U.S. stock indexes fell Thursday as shares of technology companies resumed a recent bout of weakness.
The Dow Jones Industrial Average fell 99 points, or 0.5%, to 21378 shortly after the opening bell. The S&P 500 fell 0.6% and the Nasdaq Composite lost 0.9%.
Continue Reading Below
Technology stocks, the best-performing sector in the S&P 500 this year, have seesawed in recent sessions as investors have debated whether the group's rally has been overdone. The group fell 1% in the S&P 500 on Thursday but remained up 15% for the year -- outpacing the broader index's 8% gain for 2017.
Some investors and analysts warn the prospect of a stronger economy and higher rates could push investors out of tech and into areas such as banks that are cheaper and benefit more from a rising rate environment. In recent weeks, bond yields have climbed on growing expectations that global central banks could dial back their monetary stimulus.
Government bonds ticked lower, with the yield on the 10-year U.S. Treasury note rising to 2.369% on Thursday, according to Tradeweb, from 2.334% Wednesday. Yields rise as bond prices fall.
"People were hiding out in tech stocks, which were perceived as safer havens when the U.S. economy was going through a soft patch," said Brent Schutte, chief investment strategist at Northwestern Mutual Wealth Management. At a wider level, however, while a hiccup in the bond market could ripple over into stocks in the short-term, if the economy continues to strengthen, there is a good chance equities will move higher too, he said.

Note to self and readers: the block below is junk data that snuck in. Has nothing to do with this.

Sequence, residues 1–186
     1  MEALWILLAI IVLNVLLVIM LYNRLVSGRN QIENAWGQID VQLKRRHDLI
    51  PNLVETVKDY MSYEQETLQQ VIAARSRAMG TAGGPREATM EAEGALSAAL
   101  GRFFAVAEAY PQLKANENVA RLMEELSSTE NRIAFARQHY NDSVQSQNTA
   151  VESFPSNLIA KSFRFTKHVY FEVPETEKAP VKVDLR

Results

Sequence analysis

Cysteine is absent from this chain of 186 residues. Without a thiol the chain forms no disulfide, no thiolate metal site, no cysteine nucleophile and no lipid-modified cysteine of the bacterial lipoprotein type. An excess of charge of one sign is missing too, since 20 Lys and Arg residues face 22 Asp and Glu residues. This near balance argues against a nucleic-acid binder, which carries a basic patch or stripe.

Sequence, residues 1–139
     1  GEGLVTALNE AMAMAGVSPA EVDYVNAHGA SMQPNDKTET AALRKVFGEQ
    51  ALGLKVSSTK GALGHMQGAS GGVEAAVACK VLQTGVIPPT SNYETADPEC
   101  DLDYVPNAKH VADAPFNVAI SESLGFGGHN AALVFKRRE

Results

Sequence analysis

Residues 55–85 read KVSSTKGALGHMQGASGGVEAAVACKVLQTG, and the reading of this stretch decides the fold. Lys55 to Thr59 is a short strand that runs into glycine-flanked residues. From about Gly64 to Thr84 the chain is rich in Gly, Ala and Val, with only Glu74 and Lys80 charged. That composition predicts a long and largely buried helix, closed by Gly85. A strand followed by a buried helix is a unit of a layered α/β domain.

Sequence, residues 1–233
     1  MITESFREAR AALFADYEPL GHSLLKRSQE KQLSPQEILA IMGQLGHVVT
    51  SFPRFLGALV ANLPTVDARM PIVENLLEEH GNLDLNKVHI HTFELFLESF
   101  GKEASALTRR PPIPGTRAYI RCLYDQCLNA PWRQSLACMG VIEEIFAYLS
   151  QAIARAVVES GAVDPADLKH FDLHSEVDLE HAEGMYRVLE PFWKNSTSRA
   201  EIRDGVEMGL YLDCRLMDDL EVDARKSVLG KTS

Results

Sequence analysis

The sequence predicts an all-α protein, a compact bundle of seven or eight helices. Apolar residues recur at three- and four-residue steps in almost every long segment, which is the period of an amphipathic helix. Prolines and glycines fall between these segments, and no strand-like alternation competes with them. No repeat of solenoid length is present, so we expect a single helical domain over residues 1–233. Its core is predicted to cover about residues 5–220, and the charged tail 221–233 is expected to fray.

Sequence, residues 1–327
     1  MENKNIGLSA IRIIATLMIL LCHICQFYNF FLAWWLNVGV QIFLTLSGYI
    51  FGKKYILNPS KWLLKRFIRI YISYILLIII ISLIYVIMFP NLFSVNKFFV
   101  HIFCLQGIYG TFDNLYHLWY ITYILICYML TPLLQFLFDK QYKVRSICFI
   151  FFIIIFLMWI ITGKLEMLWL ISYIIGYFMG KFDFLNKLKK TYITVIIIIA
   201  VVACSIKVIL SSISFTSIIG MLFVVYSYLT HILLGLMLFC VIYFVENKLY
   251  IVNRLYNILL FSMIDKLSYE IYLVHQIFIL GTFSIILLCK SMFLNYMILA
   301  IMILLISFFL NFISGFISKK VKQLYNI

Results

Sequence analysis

Elsewhere, the Stoxx Europe 600 fell 1% in afternoon trading as minutes from the European Central Bank's June meeting showed policy makers considered dropping a pledge to accelerate their massive bond-buying program.
Banks and insurance companies in Europe outperformed as they tend to benefit from higher government bond yields.
"There is a near-unanimous view coming out of central banks for an unwinding of this unconventional policy, either through interest rate rises or pulling back on quantitative easing, or in the United States, selling down some of the central bank holdings," said Paul Flood, multiasset portfolio manager at Newton Investment Management. "People have finally woken up to the fact there's not a backstop, a forced buyer in the marketplace anymore," he said.
Earlier, most Asian stock indexes traded in narrow ranges and stuck close to Wednesday's closing levels.
Japan's Nikkei Stock Average fell 0.4% after the yen strengthened against the dollar, pressuring the export-heavy index. Hong Kong's Hang Seng Index eased 0.2% even as index heavyweight Tencent inched higher, while the Shanghai Composite Index added 0.2%.
--Akane Otani contributed to this article.
Write to Riva Gold at firstname.lastname@example.org
(END) Dow Jones Newswires
July 06, 2017 10:07 ET (14:07 GMT)